IN MARCH OF 1861, a newly-elected Abraham Lincoln delivered his first inaugural address to a nation bitterly divided over its moral, political, and economic future. In that iconic speech, Lincoln articulated his vision for a unified nation—one guided by compassion and bound together by common interests.
“We are not enemies, but friends,” he said. “We must not be enemies. Though passion may have strained, it must not break our bonds of affection. The mystic chords of memory will swell when again touched, as surely they will be, by the better angels of our nature.”
The Commonwealth of Massachusetts has stood at the front line of America’s moral, political, and economic future, because our leaders have – more often than not – been guided by the better angels of their nature. The abolitionist and women’s rights movements originated in New England, where Boston was a stronghold. Massachusetts led on marriage equality. Twelve years ago, we built a model for universal health care, recognizing health care access as a civil rights issue. We stood up for transgender rights and passed statewide nondiscrimination protections. And more recently, we pushed forward sweeping criminal law reform for a fairer criminal legal system.
Now, once again, it’s time we appeal to our better angels and do the right thing on immigration.
Since his election, President Trump and his administration have relentlessly detained and deported as many immigrants as possible, no matter the costs to civil rights and family unity. It seems like every day we hear about new cruelties – from forcible separation of immigrant parents from their children to large-scale immigration raids that terrorize entire communities in one fell swoop. Just a few days ago, people in Boston and across the country joined marches, rallies, and vigils to demand a stop to the practice of taking children from their families at the border.
We mustn’t lose sight of one basic fact: behind these headlines and statistics, there are real lives. The human impact is profound: too many parents ripped from their children, too many spouses separated from each other.
One Massachusetts mother, Lucimar de Souza, was unexpectedly detained on January 30 and held, away from her family, for over three months; five ICE officials were waiting for her outside a government office where she and her US citizen husband were completing a marriage confirmation interview – a step in pursuing lawful immigration status.
Her son – just 10-years-old – visited her while she was detained at the Suffolk County House of Corrections. He begged to stay with her. Home, he said, was not the same without her.
Her story is unique, but Lucimar is not alone. She and her family – her US citizen husband and her US citizen son – are part of a class action lawsuit challenging the Trump administration’s pattern of separating married couples and families pursuing lawful immigration status. The ACLU is fighting in court to protect immigrants from detention and deportation and to keep families together.
Massachusetts, it’s time we appeal to our better angels and fight to keep families together through action in the State House, too.
Following an emotional debate that stretched late into the night, the Massachusetts Senate last month adopted a budget amendment that would protect immigrants in our communities from deportation and family separation. Those budget provisions – most of which were also included in an amendment proposed by Senate Republicans – now sit before a conference committee tasked with reconciling the differences between the House and Senate budget proposals.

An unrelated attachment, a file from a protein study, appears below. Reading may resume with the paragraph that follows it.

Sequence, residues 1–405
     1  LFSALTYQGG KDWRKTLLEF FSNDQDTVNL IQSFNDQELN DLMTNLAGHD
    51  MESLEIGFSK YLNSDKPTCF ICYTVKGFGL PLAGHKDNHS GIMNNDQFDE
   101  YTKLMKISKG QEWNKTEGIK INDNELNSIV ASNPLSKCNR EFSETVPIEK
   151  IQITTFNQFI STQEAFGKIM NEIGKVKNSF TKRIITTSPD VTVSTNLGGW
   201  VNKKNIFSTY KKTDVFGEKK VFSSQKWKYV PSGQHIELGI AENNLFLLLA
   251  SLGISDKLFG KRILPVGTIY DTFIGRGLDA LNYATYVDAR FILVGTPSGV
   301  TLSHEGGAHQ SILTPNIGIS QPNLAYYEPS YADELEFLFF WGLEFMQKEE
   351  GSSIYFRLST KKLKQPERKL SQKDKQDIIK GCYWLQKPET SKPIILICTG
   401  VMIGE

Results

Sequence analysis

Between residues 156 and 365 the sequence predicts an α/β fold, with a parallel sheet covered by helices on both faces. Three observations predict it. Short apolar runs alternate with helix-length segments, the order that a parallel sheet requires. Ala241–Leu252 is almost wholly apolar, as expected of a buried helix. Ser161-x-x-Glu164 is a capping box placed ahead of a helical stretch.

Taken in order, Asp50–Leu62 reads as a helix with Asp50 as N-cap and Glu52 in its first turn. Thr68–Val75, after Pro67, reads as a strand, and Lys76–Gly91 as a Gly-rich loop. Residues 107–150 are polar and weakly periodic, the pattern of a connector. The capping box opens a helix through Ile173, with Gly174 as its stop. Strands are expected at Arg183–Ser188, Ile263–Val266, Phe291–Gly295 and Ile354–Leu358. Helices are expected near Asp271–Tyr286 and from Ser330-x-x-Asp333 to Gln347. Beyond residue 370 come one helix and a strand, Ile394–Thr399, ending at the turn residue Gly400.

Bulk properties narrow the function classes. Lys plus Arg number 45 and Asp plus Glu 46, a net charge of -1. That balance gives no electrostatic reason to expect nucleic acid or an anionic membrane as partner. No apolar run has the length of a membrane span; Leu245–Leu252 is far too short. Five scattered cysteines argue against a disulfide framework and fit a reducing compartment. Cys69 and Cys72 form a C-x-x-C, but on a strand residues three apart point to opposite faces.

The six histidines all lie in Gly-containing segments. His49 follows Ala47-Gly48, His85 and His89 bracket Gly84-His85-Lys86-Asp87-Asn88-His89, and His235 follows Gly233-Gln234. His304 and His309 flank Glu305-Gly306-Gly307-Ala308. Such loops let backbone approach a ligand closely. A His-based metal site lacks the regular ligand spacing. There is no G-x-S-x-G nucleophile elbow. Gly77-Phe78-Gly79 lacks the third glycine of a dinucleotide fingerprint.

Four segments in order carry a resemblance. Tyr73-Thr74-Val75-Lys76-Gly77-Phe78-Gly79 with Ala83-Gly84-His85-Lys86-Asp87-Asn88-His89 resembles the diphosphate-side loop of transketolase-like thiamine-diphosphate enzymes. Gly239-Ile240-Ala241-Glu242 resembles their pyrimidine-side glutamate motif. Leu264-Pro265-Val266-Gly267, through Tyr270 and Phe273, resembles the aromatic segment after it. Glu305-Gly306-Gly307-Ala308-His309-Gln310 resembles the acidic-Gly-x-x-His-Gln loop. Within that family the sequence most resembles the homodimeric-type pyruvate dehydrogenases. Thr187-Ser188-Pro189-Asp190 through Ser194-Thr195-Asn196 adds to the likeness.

The budget provisions are small, but important. Here’s what they would do: They would ensure Massachusetts tax dollars and resources are used to fight local crime and keep communities safe, not support federal deportation and fuel family separation. The provisions would end collaboration agreements that turn sheriffs and local police into federal immigration agents with our state tax dollars. And the provisions would stop local police from asking people about immigration status; when local police get entangled in federal immigration matters, victims of abuse, crime, and exploitation are reluctant to call 911 out of fear that police will ultimately separate them from their families.
Law enforcement supports many of these provisions; they know they’re good for public safety. We are all better off when each of our neighbors and community members feels safe to reach out to police for help.
The provisions would also make sure that all people in local police custody – including immigrants – are informed about their due process rights. A Boston federal judge said ICE broke the law in the way that it handled Lucimar’s detention. The judge also considered other immigrants who do not have lawyers to file suit on their behalf and are thus “also being illegally deprived of their liberty and irreparably harmed by being separated from their families.” In an order, he wrote that “ICE’s illegal actions… have had profound human consequences that would continue without the court’s intervention.”
While state litigation and court intervention are critically important in the fight for immigrants’ rights, Beacon Hill must also act. History will one day judge how Massachusetts treated immigrants.
To the members of the conference committee and House leadership: listen to your better angels. It’s time for the Commonwealth to act on our values and do everything we can to keep immigrant families together.
Carol Rose is the executive director of ACLU of Massachusetts.